The reboot expected this fall should distance itself from the films signed by Paul WS Anderson and be more inspired by the first games of the license.
Full of darkness, the first images set the tone. Sony Pictures presented a preview of Resident Evil: Welcome to Racoon City, the new horror film of the license resident Evil expected this fall and inspired by the Japanese video game series of the same name. What to have a glimpse of the headliners, some costumes, bits of scenery; in short, the very general plastic of this reboot presented by its creators as a cinematographic return to the horrific sources of resident Evil.
Free adaptation of the first creepy and cult games in the series developed by Capcom in the late 1990s, the new film resident Evil of Sony is set to recount the beginnings of an extremely serious zombie pandemic in the fictional Racoon City, following nefarious experiments carried out by the ambivalent pharmaceutical company Umbrella. A scenario which – coincidence of the calendar – does not fail to fall very aptly, in the midst of the global pandemic of Covid-19 and the most diverse conspiracy theories.
Headliners of this Resident Evil: Welcome to Racoon City and hero of Resident Evil 2 (1998), Leon S. Kennedy (Avan Jogia) and Claire Redfield (Kaya Scodelario) appear next to each other in one of the film’s first featured images. On their guard, guns in hand in a stripped corridor, the two characters appear dressed in the same costume as the one they wear in game, in a clear desire to stick as closely as possible to the memories of the fans. The duo may also mean something to more contemporary players, with Capcom releasing a modern remake of the title in 2019 with a bang.
Another of the images unveiled by Sony features faces from the film, the name of which should also speak to fans of the zombie game series, as it features the silhouettes of Albert Wesker (Tom Hopper), Richard Aiken (Chad Rook) , Jill Valentine (Hannah John-Kamen) and Chris Redfield (Robbie Amell). So many protagonists encountered in the various titles of the video game saga. All this troop is held in a nicely dressed mansion with an oppressive atmosphere, inspired by the one inside which the whole intrigue of the first game takes place. Resident Evil.
The resurrection of the chills
As director and screenwriter Johannes Roberts told IGN on Monday (47 Meters Down), great care has been taken during the production of Welcome to Racoon City to faithfully adapt the original video game material. “We worked closely with Capcom, underlined the director. Every character, every creature comes from the game and, as such, I’ve tried to stay as faithful as possible. I wanted to create a real feeling of immersion for the fans ”. As expected as feared by fans of the saga, this next resident Evil is a fresh start for the license which has already been brought to the screen six times, between 2002 and 2016, with uneven results.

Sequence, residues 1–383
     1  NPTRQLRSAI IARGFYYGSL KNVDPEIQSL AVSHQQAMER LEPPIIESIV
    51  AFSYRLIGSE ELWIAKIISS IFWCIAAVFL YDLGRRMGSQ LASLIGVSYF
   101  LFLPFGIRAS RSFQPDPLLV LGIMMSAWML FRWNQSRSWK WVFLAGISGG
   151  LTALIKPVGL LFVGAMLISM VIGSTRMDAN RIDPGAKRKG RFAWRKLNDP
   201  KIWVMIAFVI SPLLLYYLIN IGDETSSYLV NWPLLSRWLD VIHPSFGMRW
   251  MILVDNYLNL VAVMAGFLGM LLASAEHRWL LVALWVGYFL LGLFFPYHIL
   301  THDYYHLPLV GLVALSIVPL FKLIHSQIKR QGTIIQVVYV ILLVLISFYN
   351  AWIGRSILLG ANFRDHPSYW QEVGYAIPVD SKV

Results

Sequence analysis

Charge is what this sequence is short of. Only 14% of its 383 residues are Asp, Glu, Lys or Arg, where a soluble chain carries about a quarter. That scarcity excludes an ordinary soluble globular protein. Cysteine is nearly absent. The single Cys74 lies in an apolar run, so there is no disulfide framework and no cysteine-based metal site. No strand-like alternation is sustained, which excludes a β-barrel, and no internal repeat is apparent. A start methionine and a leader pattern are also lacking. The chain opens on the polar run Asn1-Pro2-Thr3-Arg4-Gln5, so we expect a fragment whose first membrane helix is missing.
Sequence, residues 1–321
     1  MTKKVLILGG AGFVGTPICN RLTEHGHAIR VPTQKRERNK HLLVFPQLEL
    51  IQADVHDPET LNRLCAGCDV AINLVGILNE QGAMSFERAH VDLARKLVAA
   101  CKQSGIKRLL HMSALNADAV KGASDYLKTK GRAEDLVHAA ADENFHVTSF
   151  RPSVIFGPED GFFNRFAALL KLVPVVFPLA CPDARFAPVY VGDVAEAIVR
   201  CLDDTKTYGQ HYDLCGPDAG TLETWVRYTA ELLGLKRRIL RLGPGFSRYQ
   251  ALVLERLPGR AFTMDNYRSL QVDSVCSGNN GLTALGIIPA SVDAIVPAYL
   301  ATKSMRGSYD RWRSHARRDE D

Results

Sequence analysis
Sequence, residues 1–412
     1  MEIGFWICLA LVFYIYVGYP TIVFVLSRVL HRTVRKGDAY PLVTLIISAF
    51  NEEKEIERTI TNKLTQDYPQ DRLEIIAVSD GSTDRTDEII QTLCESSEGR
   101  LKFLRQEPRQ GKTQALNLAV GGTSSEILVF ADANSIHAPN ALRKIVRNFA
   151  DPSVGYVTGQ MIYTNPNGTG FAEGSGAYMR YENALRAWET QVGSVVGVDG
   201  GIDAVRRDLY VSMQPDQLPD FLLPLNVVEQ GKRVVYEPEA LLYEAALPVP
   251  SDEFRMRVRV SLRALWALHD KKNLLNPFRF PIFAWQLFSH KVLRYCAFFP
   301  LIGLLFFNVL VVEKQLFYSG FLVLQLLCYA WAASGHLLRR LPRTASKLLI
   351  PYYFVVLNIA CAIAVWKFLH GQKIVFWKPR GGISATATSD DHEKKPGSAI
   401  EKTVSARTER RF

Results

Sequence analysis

Produced mostly by Paul WS Anderson and brought to the screen by Mila Jovovich, the previous parts had moved away from the horrific sources of the first games to become, over the years, action frescoes plunging under avalanches of the dead. digital alive and tons of heavy weapons. Five years after the release of the last chapter of the adventures imagined by Paul WS Anderson, Resident Evil: Welcome to Racoon City should thus reset the counters of the cinematographic side of the license, promises the director of the new film.
“I wanted to go back to the original horrorJohannes Roberts told IGN. I wanted to provoke fears and work on an atmosphere rather than focusing on pure and hard action. I think that’s how fans of the game also feel. ” If we are to believe the ungrateful reviews of the last films resident Evil, players and spectators seem to have ended up taking it themselvess in horror the cinematographic counterpart of these recognized horror games. The hypothetical return to favor, and on the big screen, of the zombie epidemic of Racoon City is expected in theaters from November 24. Unless, of course, that the very real pandemic of the coronavirus comes to postpone its exit.